Date- December 30, 2018
Location- Side of trail
Elevation- 7 ft
Distance Traveled Today- 7 miles
Distance Traveled Total- 7 miles
Weather/Temp- Clear/low 80s
Pain level- Zero
Wildlife encounters- Alligators, Birds, Lizards, giant cricket bug
Days without shower- 1
Days without laundry- 1
CarFox Status- Peachy
And thus it began. I left Palm Bay this morning with my little sister Lyndsey to drive the three and a half hours further south to the Big Cypress National Preserve, Oasis Welcome Center – a little ways west of Miami and east of Everglades City.
Being a National Preserve, nobody was working due to the govt shutdown, but that didn’t stop the hordes of snowbirds from crawling all over the gangplanks overlooking a canal full of gators. The timing was perfect, as there were no federal employees who could give me grief about taking my blind, eyeless dog into the gator infested swamps on foot. Yay government shutdowns!
After snapping a picture next to the monument at the southern terminus, the CatFox and I were hiking by 1:30pm – a late start, but I was happy to finally be on trail all the same.
I let Katana hike about a mile and a half on her own today. Sometimes leading, and sometimes following on my heels or slightly further back. She did wonderfully when the trail was smooth and relatively clear – but excess undergrowth, limestone rocks, and small blow downs proved to be quite the challenge for a blind dog. She could navigate them, but it was slow. Under normal circumstances, I would have given her the time to figure it out and build up her confidence even more, but the circumstances were far from normal, especially by Florida standards.
Winter is considered the dry season in Florida, but even then, there is usually a lot of water on trail in the form of swamps, puddles, Cypress domes, and lagoons. This winter in south Florida has been especially dry, and there isn’t any water on the trail for the first 22 miles. That’s even longer than the first dry stretch on the PCT in the SoCal desert!
I only brought 5 liters of water to start off, so we needed to be at the first water source before the end of the second day. That means we need to hike my pace, not blind CatFox pace until we reach the lands of plenty.
As you might imagine, the trail was flat, as well as a mighty 10 feet above sea level. However, what it lacked in elevation diversity, it made up for in 80 degree heat and suffocating, tropical humidity. I was raised in this humidity, and so was Katana, so I say “Bring it on!”
Oh, Florida brought “it.” To compliment the saturated air, we had a plethora of overgrowth, undergrowth, and no shortage of minor blow downs hear and there. The only catch is… about 50% of all Florida plant life has thorns, saw tooth edges, spikes, or otherwise abrasive edges. I was cut from head to toe by the end of the first hour. A few bled, but most were just deep enough to sting when the sweat touched them, but not much else.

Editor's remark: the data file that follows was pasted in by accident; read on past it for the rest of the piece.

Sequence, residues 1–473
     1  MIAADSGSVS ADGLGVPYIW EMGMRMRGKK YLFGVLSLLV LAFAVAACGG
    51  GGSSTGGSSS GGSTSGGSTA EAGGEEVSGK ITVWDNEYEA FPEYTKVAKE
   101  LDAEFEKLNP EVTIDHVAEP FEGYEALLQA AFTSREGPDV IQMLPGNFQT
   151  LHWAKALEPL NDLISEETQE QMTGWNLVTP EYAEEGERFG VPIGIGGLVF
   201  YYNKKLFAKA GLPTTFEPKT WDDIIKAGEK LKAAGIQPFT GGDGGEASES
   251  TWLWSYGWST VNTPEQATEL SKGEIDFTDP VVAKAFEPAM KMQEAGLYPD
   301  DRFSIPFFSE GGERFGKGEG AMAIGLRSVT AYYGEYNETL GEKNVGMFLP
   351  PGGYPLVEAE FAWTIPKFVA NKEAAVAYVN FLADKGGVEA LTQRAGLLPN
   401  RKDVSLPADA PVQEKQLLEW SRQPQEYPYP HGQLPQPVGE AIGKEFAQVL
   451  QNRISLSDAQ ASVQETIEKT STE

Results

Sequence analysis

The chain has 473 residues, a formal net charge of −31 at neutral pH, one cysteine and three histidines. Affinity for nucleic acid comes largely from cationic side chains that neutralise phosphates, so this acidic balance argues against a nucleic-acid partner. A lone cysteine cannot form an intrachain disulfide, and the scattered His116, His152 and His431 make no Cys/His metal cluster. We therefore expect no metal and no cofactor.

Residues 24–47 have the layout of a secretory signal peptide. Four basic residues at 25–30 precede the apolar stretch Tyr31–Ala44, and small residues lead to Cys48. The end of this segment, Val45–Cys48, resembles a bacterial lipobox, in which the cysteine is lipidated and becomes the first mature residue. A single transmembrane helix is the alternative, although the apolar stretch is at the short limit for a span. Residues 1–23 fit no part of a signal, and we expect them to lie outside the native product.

The views were reduced to whatever was immediately in front of me, or to whatever I could see through the barren Cypress and skinny pine trees that pepper the landscape. For the most part, everything feels very close on this trail. There’s no vantage points – you’re really just down in “the shit” all the time.
Nothing truly exceptional happened during the 7 mile hike out of Oasis. I didn’t see another soul, and nothing bigger than a lizard or a bird. I suppose I could have taken pictures of the dozens of gators at Oasis, but I’ll be damned if my first gator pic of this trail is of a “Visitor Center gator.” I wanna see the man eaters in a middle of nowhere swamp!
We took it slow and finished up the 7 miles a little after 5pm. It’s nice to feel the heat abating as I hang in my hammock between two large pines amongst a throng of palmettos.
No water on the trail so far, but from what I’ve read online from people ahead of us, we should be hitting a stretch of ankle to knee deep mud and water that will go on for 3 to 4 miles. I’ve never hiked in anything like that for that far. I can’t say I’m excited about it, but I’m curious for the new experience.
The trail so far isn’t what I’d call hard, but I also wouldn’t call it easy. It’s simply different, and I haven’t gone far enough to uncover all of its challenges and punishments. If what we’ve hiked so far had been under a shallow sea of water and mud like it has been in past years… then this would undoubtedly be a living nightmare of a trail. So far… we’re lucky.
I’d really like to make some friends out here to break up the monotony that this hike will surely be. Sadly, I know this is a trail which most people try to finish as quickly as possible. With the added dynamic of carrying Katana while also letting her hike on her own (when practical)… I fear our pace won’t jive with any future hikers we meet. I suspect this will be a lonely eight to ten weeks – but who knows…